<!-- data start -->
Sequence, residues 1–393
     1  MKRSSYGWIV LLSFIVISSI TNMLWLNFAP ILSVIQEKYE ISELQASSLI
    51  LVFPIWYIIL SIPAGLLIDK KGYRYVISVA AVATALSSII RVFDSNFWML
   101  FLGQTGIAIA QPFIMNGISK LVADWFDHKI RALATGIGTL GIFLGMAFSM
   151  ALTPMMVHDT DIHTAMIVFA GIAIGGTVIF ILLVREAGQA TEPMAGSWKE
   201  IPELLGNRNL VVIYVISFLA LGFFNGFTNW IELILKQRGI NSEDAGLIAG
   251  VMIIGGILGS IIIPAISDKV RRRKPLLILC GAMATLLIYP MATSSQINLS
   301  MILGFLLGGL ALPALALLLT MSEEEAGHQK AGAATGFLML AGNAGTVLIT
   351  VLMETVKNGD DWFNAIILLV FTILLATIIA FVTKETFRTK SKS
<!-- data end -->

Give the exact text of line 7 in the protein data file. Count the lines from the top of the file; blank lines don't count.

   251  VMIIGGILGS IIIPAISDKV RRRKPLLILC GAMATLLIYP MATSSQINLS